They Live

A man with a blond mullet in a blue flannel t-shirt peers incredulously as he tilts a pair of sunglasses from his eyes while standing in front of a news stand. Image: Universal Studios Home Video

Director: John Carpenter
Cast: Roddy Piper, Keith David, Meg Foster
Where to watch: Tubi

John Carpenter came here to kick ass and chew bubble gum, and he’s all out of bubble gum.

One of the greatest horror directors ever delivered one of his most memorable works in the sci-fi/horror hybrid They Live, starring wrestler Roddy Piper as a drifter who finds a pair of sunglasses that reveals the horrible truth of the world: Aliens have secretly taken over. A righteously angry anti-Reagan, anti-capitalist political work in an easy-to-swallow genre form, They Live was initially rejected by critics but has since been accepted as one of the most important (and most entertaining) Hollywood films of the 1980s.

Piper is absolutely fantastic in the lead role — his swagger and skill for physical acting from his wrestling career translates beautifully — and Keith David shines as his friend Frank. Like all Carpenter movies, the film has a fantastic score written by the man itself. And the five-and-a-half-minute alley fight between Piper and David, which took weeks to rehearse, is equally brutal, sad, and just a tad funny. —PV


Cary Elwes, rumpled and covered in filth, lies on a dirty basement floor and weeps as he tries to grab a cell phone lying on the floor just out of reach in the original 2004 Saw Image: Lionsgate

Director: James Wan
Cast: Cary Elwes, Leigh Whannell, Danny Glover
Where to watch: Tubi

The world is finally, little by little, turning around on the Saw franchise and realizing the whole thing is pretty great, and maybe not quite as torturous a watch as their reputation implies. However, one thing that was always clear is that the original Saw is excellent.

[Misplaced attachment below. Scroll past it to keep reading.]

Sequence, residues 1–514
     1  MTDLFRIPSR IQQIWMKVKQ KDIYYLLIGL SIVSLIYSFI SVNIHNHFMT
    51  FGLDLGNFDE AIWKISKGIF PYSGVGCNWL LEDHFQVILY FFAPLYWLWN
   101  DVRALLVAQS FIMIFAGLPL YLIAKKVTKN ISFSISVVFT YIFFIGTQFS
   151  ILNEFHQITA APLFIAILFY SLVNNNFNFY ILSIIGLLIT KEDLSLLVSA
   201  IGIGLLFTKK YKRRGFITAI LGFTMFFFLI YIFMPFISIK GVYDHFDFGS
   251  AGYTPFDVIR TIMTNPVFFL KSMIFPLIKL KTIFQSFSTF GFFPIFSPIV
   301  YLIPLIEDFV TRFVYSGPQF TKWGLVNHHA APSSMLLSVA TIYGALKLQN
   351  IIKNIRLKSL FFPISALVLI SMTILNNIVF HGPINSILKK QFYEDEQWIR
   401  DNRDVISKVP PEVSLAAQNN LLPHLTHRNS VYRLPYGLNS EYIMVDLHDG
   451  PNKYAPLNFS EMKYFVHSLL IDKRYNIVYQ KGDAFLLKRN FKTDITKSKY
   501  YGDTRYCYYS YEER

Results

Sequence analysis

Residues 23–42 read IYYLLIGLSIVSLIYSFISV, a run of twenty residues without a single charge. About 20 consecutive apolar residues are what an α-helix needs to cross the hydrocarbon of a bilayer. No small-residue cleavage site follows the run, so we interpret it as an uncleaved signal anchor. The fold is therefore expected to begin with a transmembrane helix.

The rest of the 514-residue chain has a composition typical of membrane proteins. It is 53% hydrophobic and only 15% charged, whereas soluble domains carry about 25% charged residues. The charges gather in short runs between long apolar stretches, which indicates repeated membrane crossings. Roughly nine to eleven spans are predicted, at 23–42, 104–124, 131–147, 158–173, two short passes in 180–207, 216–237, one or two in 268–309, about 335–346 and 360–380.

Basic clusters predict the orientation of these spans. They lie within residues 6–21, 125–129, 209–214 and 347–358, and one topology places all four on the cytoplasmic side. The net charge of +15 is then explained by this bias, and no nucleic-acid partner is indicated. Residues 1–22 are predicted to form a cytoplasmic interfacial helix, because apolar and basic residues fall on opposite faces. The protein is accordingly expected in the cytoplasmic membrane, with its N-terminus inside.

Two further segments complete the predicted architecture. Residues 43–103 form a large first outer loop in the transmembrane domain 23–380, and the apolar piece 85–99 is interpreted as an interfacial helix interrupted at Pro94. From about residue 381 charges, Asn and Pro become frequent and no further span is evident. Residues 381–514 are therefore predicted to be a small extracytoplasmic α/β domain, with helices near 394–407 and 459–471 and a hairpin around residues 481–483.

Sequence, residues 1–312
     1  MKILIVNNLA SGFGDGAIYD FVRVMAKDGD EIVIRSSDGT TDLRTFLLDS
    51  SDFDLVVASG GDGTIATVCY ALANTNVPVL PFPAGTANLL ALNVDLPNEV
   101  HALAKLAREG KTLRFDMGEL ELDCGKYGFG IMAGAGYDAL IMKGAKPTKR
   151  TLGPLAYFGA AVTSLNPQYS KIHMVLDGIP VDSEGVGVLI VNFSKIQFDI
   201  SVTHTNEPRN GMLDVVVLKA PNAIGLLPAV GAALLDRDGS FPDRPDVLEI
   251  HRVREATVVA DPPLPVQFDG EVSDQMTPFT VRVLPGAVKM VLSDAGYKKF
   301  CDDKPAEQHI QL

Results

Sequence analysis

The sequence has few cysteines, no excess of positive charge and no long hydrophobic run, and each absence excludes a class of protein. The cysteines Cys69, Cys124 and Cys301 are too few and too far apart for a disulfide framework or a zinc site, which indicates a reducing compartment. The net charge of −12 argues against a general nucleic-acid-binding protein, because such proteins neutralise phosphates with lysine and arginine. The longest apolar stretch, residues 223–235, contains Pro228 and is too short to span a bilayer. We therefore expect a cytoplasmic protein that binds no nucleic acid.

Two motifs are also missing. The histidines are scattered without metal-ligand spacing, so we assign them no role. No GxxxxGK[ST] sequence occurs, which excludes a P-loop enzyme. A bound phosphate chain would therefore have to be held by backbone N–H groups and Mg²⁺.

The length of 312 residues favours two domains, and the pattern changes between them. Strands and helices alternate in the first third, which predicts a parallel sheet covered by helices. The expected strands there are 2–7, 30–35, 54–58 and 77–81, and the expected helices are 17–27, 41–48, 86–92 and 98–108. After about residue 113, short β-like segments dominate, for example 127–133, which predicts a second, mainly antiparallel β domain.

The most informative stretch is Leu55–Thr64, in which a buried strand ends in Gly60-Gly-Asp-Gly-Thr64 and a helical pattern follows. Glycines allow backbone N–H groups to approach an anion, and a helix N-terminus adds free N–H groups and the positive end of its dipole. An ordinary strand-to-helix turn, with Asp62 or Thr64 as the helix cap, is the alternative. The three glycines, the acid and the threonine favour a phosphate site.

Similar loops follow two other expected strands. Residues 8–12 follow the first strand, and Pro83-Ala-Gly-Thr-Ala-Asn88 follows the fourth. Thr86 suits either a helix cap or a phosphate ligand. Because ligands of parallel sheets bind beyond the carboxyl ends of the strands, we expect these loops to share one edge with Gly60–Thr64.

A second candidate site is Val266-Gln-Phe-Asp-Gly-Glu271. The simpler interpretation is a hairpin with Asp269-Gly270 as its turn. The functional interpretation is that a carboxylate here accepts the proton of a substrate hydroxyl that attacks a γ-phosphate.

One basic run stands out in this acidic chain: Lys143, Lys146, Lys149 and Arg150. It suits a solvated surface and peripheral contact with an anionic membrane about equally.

Mostly about two men trapped in a room, and what led them there in the first place, the movie replaces the gore the series would later employ with a whole heap of mounting dread and a literal ticking clock as the characters panic their way through being chained up in an old bathroom. There’s still plenty of scares and a bit of gore, but the original Saw is much more a great thriller than it is a terrifying slasher. —AG

The Texas Chain Saw Massacre

Leatherface wields a chainsaw over his head in the original Texas Chain Saw Massacre. Photo: Bryanston Distributing Company

Director: Tobe Hooper
Cast: Marilyn Burns, Edwin Neal, Allen Danziger
Where to watch: Freevee

The idea that somewhere, on a forgotten American back road, something too horrible and twisted to imagine could exist without question or comment is one of the most haunting notions any horror movie can have. And few movies have ever implied that quite so well as The Texas Chain Saw Massacre.

The movie follows a group of kids road tripping across Texas until their van runs out of gas and the horrors of the town come out to greet them. An all-time horror classic, and to this day one of the most grisly, upsetting, and grimy movies ever made, The Texas Chain Saw Massacre hasn’t dulled at all since its release in 1974. —AG